Blog Home

Meet The Costume Designer

The artist behind a character's signature style
May 4, 2021

Staff Writer

Costume Designers are character creators, and their role goes well beyond the tailored suits, worn leather jackets, and superhero capes we see on screen.

Before shopping or building any piece for a project, every costume designer takes on the role of psychologist or sociologist, asking questions as they read through a script: Where does the character live? What’s the time period? What’s their economic status? Is this reality or fantasy? What kind of car do they drive?

Diving into the world of the script, costume designers are able to create realistic design choices for a character’s wardrobe that reflect who that person is, and what kind of emotion they need to evoke from the audiences to further the plot. It’s visual storytelling at its finest.

The Research Process

A key part of the role, every costume designer has their unique approach to researching: Googling, people watching, reading, collecting vintage images, studying the construction of vintage clothing design, visiting libraries and museums, and so much more.

Costume Designer, Shawna Trpcic, known for dozens of projects, including The Mandalorian, explains the importance process of her research:

"[I] thoroughly research the character. Once you know the truth, then you can bring your own creative bent to it. To make it larger than life, to make it entertaining. But I think it’s so important to start with the truth. I knew this one guy who wore a cap, and the way he would fiddle with the brim, it was slightly stained from his hand oils constantly touching it and adjusting it. Those little details you can’t just make up, you need to research it; study the character."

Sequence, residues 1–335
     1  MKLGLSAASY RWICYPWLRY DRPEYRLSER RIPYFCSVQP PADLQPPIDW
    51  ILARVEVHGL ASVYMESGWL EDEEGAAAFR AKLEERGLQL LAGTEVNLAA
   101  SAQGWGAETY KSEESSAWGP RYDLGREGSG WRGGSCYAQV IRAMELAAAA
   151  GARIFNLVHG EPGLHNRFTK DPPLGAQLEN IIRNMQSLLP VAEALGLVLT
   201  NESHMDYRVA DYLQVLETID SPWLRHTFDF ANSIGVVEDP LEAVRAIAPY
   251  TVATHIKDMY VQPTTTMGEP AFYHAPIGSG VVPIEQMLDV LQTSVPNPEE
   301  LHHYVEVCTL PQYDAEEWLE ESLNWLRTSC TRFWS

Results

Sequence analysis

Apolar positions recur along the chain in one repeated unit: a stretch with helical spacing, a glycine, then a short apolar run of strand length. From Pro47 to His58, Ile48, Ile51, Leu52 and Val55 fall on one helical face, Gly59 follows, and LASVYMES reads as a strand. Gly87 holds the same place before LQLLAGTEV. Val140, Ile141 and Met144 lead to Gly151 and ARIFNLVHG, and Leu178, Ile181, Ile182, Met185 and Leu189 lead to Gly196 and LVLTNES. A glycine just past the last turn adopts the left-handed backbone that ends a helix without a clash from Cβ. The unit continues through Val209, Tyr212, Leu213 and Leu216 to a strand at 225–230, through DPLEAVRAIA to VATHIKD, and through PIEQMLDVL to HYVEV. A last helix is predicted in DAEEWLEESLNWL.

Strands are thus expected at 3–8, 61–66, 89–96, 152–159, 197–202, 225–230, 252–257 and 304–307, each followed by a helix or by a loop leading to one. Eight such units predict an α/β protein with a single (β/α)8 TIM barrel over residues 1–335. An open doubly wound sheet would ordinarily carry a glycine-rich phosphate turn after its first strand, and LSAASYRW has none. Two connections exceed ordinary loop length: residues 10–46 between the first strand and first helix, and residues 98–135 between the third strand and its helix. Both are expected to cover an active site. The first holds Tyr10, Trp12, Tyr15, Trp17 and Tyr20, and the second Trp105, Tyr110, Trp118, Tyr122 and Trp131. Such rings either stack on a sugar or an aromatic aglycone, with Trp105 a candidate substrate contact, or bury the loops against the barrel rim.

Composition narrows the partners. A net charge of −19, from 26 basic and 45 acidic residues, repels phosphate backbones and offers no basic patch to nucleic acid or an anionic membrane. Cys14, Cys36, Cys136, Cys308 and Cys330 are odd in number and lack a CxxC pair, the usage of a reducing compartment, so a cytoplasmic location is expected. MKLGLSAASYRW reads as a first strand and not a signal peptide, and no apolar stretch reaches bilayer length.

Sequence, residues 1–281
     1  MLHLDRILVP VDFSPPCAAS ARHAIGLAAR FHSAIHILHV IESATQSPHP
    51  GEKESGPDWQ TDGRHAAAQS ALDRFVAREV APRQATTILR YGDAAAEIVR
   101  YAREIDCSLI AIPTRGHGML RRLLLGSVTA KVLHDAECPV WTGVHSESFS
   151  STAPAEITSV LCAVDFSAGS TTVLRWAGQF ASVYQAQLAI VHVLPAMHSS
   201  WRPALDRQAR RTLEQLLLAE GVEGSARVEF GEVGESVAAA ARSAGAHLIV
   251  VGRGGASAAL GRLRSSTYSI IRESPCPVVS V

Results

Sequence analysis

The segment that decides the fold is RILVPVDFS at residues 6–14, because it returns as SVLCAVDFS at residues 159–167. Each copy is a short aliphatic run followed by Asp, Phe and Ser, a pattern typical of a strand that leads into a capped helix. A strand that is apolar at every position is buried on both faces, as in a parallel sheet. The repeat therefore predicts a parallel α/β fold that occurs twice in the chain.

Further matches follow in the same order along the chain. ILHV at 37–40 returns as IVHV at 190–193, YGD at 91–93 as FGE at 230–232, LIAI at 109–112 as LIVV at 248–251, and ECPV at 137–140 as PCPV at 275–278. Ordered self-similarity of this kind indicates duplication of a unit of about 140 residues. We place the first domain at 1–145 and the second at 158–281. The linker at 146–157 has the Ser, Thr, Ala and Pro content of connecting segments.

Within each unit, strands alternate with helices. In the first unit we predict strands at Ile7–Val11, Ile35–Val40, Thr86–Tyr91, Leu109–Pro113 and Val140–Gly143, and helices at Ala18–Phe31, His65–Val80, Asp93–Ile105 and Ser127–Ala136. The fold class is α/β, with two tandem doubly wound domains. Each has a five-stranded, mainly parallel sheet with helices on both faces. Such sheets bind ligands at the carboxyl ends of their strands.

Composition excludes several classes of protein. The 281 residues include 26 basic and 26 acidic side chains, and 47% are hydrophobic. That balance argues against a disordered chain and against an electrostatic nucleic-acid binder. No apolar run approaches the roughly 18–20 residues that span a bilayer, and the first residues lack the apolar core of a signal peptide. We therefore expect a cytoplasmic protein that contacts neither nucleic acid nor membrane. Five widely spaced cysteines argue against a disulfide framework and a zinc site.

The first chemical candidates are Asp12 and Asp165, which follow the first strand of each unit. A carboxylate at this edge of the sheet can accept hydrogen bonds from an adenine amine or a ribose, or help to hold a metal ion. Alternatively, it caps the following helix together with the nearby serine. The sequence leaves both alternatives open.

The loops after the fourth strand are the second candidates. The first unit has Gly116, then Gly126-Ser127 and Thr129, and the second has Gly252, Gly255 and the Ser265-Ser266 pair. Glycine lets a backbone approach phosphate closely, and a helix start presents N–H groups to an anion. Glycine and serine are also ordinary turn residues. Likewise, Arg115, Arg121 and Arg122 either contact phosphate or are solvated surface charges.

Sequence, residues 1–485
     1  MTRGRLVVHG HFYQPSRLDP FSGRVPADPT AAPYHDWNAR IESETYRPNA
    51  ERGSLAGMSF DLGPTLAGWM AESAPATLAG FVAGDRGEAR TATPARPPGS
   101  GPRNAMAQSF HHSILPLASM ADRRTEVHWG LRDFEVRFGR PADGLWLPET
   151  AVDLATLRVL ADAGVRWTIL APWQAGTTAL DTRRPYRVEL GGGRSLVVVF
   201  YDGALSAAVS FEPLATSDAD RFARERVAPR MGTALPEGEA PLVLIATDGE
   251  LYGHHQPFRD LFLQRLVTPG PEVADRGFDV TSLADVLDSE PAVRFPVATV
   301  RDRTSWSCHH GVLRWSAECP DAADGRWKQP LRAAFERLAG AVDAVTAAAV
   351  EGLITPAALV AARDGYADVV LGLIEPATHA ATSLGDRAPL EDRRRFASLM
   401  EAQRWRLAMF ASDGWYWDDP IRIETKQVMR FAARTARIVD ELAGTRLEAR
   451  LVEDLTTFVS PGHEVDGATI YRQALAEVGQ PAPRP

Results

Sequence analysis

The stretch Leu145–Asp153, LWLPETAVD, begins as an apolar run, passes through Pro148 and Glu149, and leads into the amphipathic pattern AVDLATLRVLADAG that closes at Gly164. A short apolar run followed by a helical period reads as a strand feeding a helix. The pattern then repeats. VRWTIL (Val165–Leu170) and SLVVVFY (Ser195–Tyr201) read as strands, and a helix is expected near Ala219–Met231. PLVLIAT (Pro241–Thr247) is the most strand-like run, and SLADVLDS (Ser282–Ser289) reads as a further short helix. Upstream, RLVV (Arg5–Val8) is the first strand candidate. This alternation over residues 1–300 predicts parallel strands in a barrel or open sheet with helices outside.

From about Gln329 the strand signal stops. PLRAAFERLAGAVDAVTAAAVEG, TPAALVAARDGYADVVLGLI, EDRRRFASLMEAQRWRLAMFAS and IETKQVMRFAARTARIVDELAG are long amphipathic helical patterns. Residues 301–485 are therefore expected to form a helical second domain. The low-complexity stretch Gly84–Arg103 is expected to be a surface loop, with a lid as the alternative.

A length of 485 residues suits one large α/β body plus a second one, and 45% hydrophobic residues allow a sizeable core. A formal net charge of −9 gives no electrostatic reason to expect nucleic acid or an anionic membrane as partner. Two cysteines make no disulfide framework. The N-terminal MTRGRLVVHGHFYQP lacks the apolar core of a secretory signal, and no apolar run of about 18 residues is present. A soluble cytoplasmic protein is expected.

After gathering all the research, it’s time to begin the design process.

The Design Process

Costume designers are some of the most collaborative people in filmmaking. Not only do they work with many other artistic departments, such as hair or production design, but their own teams are large and varied, consisting of supervisors, shoppers, seamstresses, illustrators, costumers, agers/dyers, PA’s, coordinators, and beyond.

Costume Designer, Michael Wilkinson, who has designed projects from Justice League to American Hustle to Tron:Legacy, says this of his process:

“The way I like to work is with Illustrators. I first do a quick sketch myself, whether it’s a line drawing, or a photoshop collage with my favorite images, and then we bring all our ideas together for a nice compelling image for me to show the director. Then, the process starts. We refine ideas, we throw ideas out, we grab new ones. It's a really fun experience of meetings and presentations where we start creating a world that hopefully is a unique synthesis of new ideas. I work a lot simultaneously with the production designer, because they are going through a similar process with their own department. It’s really important to make sure you are going down the same path together. I love that cross pollination of ideas and textures and colors that happen between the costume designer and the production designer.

Once the ideas take shape, Michael goes on to explain, the next part of the design phase to bring the sketches to life:

“[Y]ou’ll get approval from the studio before you start making anything, and then the real fun begins! That’s when we can bring those beautiful sketches to reality, and the team starts to grow. You start working with shoppers and specialty Costumers if you are making superheroes. This kind of work is with a very amazing and specialized group of professionals in a specific kind of construction, which is not so much about pushing fabric under a sewing machine, but scanning an actor, to clay sculpting, to digital renderings of armor and material exploration. We start having fittings, camera tests, approvals and notes from studios, and then we take things to camera.”